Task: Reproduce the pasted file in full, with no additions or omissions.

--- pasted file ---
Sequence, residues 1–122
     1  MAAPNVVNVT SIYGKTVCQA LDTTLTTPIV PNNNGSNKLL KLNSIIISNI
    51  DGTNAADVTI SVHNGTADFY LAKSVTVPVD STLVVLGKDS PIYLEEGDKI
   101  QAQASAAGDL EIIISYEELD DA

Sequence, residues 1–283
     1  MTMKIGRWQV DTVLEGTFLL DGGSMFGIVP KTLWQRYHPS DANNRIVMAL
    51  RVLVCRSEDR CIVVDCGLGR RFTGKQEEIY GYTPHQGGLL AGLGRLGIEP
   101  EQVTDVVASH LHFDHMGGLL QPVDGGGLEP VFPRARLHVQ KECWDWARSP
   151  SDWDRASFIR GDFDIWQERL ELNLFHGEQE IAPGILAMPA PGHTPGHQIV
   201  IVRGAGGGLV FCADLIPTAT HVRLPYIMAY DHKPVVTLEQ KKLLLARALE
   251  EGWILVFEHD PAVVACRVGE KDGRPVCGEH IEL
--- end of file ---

Sequence, residues 1–122
     1  MAAPNVVNVT SIYGKTVCQA LDTTLTTPIV PNNNGSNKLL KLNSIIISNI
    51  DGTNAADVTI SVHNGTADFY LAKSVTVPVD STLVVLGKDS PIYLEEGDKI
   101  QAQASAAGDL EIIISYEELD DA

Sequence, residues 1–283
     1  MTMKIGRWQV DTVLEGTFLL DGGSMFGIVP KTLWQRYHPS DANNRIVMAL
    51  RVLVCRSEDR CIVVDCGLGR RFTGKQEEIY GYTPHQGGLL AGLGRLGIEP
   101  EQVTDVVASH LHFDHMGGLL QPVDGGGLEP VFPRARLHVQ KECWDWARSP
   151  SDWDRASFIR GDFDIWQERL ELNLFHGEQE IAPGILAMPA PGHTPGHQIV
   201  IVRGAGGGLV FCADLIPTAT HVRLPYIMAY DHKPVVTLEQ KKLLLARALE
   251  EGWILVFEHD PAVVACRVGE KDGRPVCGEH IEL